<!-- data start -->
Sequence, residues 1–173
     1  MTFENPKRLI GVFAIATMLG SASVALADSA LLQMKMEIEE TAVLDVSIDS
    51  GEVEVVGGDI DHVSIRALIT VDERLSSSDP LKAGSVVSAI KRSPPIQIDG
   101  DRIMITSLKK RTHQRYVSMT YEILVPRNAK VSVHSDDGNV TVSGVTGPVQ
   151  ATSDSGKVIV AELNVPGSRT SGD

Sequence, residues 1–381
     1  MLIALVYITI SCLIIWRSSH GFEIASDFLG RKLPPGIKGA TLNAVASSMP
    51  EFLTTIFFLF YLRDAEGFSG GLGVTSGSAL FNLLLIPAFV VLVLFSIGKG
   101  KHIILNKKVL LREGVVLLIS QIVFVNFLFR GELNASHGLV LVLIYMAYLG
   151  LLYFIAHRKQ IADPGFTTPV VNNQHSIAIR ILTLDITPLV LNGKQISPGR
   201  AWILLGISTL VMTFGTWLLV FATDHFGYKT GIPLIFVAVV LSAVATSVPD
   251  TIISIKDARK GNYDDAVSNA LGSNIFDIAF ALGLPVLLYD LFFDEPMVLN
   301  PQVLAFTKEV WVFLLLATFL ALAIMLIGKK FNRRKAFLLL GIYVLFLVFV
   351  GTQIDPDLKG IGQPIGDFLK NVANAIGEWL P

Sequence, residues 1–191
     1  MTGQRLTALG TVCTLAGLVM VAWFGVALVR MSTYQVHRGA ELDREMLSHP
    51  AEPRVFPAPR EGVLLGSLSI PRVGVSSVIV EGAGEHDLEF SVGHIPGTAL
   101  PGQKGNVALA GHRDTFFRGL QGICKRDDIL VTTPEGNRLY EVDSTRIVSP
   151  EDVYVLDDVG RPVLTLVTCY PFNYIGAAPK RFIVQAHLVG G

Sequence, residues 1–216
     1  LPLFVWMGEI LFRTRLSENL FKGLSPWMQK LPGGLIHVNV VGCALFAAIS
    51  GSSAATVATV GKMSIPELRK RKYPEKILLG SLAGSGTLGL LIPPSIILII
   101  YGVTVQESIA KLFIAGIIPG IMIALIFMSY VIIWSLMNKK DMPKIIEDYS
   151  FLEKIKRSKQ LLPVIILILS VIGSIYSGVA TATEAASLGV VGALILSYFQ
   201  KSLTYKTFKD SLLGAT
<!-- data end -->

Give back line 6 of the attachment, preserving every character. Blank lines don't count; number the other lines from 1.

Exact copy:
Sequence, residues 1–381